The caller continues - "I will be starting a Fraud Investigation. If you have any questions, you should call the 1- 800 number listed on the back of your card and ask for Security. You will need to refer to this Control Number. The caller then gives you a 6 digit number. "Do you need me to read it again?" Here's the IMPORTANT part on how the scam works:

The caller then says, "I need to verify you are in possession of your card". He'll ask you to "turn your card over and look for some numbers". There are 7 numbers; the first 4 are part of your card number, the last 3 are the Security Numbers that verify you are the possessor of the card. These are the numbers you sometimes use to make Internet purchases to prove you have the card. The caller will ask you to read the last 3 numbers to them. After you tell the caller the 3 numbers, they'll say, "That is correct, I just needed to verify that the card has not been lost or stolen, and that you still have your card. Do you have any other questions?"

After you say no, the caller then thanks you and states, "Don't hesitate to call back if you do", and hangs up. You actually say very little, and they never ask for or tell you the card number. We called back within 20 minutes to ask a question. Are we glad we did! The REAL VISA Security Department told us it was a scam and in the last 15 minutes a new purchase of $497.99 was charged to our card. We made a real fraud report and closed the VISA account. VISA is reissuing us a new number. What the scammers want is the 3-digit PIN number on the back of the card. Don't give it to them. Instead, tell them you'll call VISA or MasterCard directly for verification of their conversation.

The real VISA told us that they will never ask for anything on the card as they already know the information since they issued the card! If you give the scammers your 3 Digit PIN Number, you think you're receiving a credit. However, by the time you get your statement you'll see charges for purchases you didn't make, and by then it's almost too late and/or more difficult to actually file a fraud report.

What makes this more remarkable is that on Thursday, I got a call from a "Jason Richardson of MasterCard" with a Word-for-word repeat of the VISA Scam. This time I didn't let him finish. I hung up! We filed a police report, as instructed by VISA. The police said they are taking several of these reports daily! They also urged us to tell everybody we know that this scam is happening. I dealt with a similar situation this morning, with the caller telling me that $3,097 had been charged to my account for plane tickets to Spain, and so on through the above routine.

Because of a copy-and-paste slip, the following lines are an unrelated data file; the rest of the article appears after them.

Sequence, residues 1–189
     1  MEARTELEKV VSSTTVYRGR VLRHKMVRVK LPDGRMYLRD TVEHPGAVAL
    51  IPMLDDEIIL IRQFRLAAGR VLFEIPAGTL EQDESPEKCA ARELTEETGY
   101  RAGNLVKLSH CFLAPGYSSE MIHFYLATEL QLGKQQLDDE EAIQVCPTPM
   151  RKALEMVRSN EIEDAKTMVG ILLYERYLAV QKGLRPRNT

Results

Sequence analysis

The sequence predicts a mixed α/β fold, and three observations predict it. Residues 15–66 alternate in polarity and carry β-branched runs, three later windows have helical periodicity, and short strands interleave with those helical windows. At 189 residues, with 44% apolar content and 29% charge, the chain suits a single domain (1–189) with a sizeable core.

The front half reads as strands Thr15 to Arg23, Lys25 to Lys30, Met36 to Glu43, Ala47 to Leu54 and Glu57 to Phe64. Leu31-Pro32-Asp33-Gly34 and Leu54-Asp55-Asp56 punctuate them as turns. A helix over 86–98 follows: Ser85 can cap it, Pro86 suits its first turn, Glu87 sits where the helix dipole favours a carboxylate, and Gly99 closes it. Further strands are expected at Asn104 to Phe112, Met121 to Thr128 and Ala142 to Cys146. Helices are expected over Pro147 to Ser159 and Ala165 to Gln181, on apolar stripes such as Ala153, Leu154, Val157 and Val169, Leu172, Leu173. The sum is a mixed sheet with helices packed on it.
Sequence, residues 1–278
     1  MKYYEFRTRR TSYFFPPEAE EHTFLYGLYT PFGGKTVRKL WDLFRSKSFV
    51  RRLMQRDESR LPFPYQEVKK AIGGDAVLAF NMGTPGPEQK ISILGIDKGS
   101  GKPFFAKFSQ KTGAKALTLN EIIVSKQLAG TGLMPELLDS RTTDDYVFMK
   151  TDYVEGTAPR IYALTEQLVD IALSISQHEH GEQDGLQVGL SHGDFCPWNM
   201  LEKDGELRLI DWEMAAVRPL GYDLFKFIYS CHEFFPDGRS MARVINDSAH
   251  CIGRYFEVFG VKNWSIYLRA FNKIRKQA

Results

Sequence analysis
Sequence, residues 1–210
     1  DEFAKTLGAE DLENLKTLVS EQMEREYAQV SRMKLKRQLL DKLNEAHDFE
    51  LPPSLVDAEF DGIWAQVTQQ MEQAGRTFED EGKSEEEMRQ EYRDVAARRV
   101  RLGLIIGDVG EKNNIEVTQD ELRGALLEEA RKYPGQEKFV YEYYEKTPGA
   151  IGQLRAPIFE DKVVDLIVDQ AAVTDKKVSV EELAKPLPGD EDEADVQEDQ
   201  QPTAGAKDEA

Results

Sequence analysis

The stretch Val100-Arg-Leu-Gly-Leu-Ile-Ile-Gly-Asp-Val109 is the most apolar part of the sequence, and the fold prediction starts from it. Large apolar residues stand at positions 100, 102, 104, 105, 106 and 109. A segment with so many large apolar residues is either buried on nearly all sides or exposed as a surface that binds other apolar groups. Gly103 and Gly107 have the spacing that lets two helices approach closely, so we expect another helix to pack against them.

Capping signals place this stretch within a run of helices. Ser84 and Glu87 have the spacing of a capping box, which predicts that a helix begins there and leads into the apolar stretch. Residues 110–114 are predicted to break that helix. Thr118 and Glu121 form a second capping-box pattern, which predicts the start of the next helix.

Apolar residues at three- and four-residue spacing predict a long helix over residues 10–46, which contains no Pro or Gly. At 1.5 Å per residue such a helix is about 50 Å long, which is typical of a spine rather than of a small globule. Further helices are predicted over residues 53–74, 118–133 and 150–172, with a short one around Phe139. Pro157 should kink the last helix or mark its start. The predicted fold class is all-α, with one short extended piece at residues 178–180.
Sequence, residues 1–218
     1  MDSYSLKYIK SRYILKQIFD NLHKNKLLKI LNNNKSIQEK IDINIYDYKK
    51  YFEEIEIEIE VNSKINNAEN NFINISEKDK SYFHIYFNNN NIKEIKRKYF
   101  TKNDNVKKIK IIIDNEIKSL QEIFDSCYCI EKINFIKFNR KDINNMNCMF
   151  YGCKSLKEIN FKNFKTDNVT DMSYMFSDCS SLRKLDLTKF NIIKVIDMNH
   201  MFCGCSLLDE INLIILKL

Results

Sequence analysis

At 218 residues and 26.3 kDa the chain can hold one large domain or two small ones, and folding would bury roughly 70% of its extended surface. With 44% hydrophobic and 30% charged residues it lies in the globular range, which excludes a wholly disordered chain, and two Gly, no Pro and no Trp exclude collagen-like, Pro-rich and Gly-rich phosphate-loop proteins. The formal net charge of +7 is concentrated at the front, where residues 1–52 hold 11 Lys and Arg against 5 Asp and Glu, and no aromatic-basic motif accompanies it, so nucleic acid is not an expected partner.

It appears that this is a very active scam, and evidently quite successful.  Pass this on to all your family and friends.

Missed Call Scam

The consumer advocacy coalition Wireless.org ® recently warned wireless consumers across the United States about the latest twist on a “missed call” scheme.

Wireless companies have detected a pattern of calls that ring their customers’ numbers once or twice and then disconnect. When the number appears on the customer’s cell phone as a missed call, it appears to be a typical domestic three-digit phone number starting with the “649” area code. If the customer decides to return the missed call, the call is returned to an Adult Entertainment chat line in the Turks and Caicos, outside the reach of US regulators. While the wireless companies are working to block suspicious numbers on their networks, some individuals may be victims of this and similar schemes involving international area codes and end up being billed for expensive international call and chat line charges.

Wireless.org urges wireless consumers to always check an area code first before returning a call to an unknown caller. Be skeptical about area codes you don’t recognize, especially: “649” (Turks and Caicos); “809” (Dominican Republic); “284” (British Virgin Islands); “876” (Jamaica); “758” (St. Lucia); or “664” (Montserrat). There are dozens of area codes (mostly in the Caribbean Islands) which connect callers to an international telephone number. In addition, if you do not make international calls, ask your wireless carrier to block outgoing international calls on your account.